Protests against Covid rules and lockdowns erupt across Europe

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  • Protests against the latest COVID restrictions have continued to rock Europe over the weekend.
  • Demonstrations were held in Vienna, Brussels and Amsterdam against the new Kovid rules.
  • Cases of fresh coronavirus continue to rise across the continent.

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Protests over fresh COVID-19 restrictions have rocked Europe over the weekend, with demonstrations in places like Brussels, Vienna, Rome and Amsterdam.

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Protests erupted in Vienna on Sunday after Austria entered its fourth national lockdown due to the current pandemic wave, with people now being asked to work from home and closing non-essential shops.

Austrian Chancellor Alexander Schellenberg has said the lockdown will last “a maximum of 20 days”. COVID vaccination will be mandatory from 1 February next year, making Austria the first European country to introduce compulsory vaccination.

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Read more: Austria reimposes a complete COVID lockdown and mandates vaccinations

Protesters clash with police in Belgium on Sunday after thousands of people gathered in a march through Brussels city centre. Police estimate that the “protest for freedom” march, primarily a protest against strict COVID restrictions, was attended by around 35,000 people.

Meanwhile, after violent scenes in the Netherlands and dozens of arrests in Rotterdam, protests continued for a third day, with thousands thronging Amsterdam over the weekend.

Following the Rotterdam riots, there was further trouble in various areas of The Hague on Saturday night, with reports of chaos in several other smaller Dutch towns.

More than 50 people were arrested in Rotterdam on Friday after fierce demonstrations described by the city’s mayor as an “orgy of violence”.

Dutch police used water cannons and fired warning shots after rioters protested the country’s partial COVID lockdown, injuring at least two people – amid rising cases – setting a police car on fire, setting off fireworks and Throw stones at police officers.

Many Dutch people protest the lockdown measures, which have forced shops, bars and restaurants to close at 8 p.m.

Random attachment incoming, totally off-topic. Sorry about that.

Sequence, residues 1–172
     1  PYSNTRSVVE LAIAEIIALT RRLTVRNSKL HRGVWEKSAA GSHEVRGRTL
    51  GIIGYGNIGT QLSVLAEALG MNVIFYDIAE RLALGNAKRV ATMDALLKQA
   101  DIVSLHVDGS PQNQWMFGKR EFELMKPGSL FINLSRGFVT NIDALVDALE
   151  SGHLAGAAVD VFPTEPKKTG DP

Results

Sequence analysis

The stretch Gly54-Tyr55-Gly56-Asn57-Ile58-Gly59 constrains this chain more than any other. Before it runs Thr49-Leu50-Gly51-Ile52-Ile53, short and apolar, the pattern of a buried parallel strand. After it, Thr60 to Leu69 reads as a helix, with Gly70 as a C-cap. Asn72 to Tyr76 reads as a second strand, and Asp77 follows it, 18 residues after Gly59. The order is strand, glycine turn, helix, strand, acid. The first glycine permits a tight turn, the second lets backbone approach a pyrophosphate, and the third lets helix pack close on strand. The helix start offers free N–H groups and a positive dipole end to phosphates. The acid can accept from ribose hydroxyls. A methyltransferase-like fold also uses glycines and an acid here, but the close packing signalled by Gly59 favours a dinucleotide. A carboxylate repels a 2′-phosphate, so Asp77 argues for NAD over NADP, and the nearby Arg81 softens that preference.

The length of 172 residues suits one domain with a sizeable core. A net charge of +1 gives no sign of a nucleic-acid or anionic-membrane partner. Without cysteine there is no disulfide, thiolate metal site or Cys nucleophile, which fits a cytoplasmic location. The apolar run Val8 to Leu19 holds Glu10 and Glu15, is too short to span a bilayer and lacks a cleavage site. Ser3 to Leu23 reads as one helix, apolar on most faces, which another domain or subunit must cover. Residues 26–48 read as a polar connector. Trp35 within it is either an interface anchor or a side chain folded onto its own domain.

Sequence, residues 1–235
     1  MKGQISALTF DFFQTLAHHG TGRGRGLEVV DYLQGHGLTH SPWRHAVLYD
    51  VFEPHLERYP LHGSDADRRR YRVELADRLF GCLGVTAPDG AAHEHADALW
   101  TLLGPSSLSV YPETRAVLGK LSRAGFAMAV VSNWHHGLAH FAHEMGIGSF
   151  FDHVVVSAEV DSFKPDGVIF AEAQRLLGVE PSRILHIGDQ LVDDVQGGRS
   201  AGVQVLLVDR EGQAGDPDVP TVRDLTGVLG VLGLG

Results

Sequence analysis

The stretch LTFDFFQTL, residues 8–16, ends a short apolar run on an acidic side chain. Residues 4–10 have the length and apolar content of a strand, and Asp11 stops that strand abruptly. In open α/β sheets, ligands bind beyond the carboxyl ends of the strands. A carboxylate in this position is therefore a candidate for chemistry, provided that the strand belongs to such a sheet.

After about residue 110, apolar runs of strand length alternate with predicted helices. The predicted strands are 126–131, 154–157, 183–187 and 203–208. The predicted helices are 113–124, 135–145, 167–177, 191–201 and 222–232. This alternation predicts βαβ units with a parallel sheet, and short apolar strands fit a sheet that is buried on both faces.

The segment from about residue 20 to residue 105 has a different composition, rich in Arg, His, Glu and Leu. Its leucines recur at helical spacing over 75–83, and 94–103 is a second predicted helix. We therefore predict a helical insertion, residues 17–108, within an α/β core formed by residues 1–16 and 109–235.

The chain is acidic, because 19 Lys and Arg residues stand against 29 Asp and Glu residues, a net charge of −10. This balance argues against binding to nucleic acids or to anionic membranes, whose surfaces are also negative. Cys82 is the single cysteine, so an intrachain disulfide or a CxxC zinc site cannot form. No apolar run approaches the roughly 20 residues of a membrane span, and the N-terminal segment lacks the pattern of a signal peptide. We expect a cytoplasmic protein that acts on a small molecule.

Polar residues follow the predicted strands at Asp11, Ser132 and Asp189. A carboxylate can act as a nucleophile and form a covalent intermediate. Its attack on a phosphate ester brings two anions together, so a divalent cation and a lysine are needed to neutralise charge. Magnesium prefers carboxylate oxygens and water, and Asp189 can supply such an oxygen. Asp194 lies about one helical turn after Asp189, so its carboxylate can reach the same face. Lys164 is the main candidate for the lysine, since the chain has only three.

COVID passes, which restrict access to places such as museums and bars or have recently recovered from COVID, are now mandatory in more places. protesters are protesting government schemes To make COVID passes mandatory in more areas of public life. For now, stricter COVID measures are slated to last until at least 4 December.

Covid passes are also fueling protests in Rome, where large crowds gathered this weekend, objecting to the implementation of Italy’s version of the Covid passport, the “Green Pass”, which will apply to all Italian workers on 15 October. became mandatory.

Workers must either show proof of vaccination, a negative test or recent recovery from infection or they could be suspended from work without pay or face fines.

Thousands also marched in Croatia’s capital Zagreb on Saturday, demonstrating against mandatory vaccinations for public sector workers and COVID passes.

In Germany, politicians are beginning to debate the need for compulsory vaccination, a move that could inspire opposition if implemented.

The country’s seven-day coronavirus incidence rate has hit a record high in the past two weeks, while nearly 69% of the population has been fully vaccinated.

Read more: Germany announces new Covid restrictions for unvaccinated people as infection rate hits record

The government last week imposed a nationwide ban without vaccinations, but lawmakers across the political spectrum have said stricter rules may be needed.


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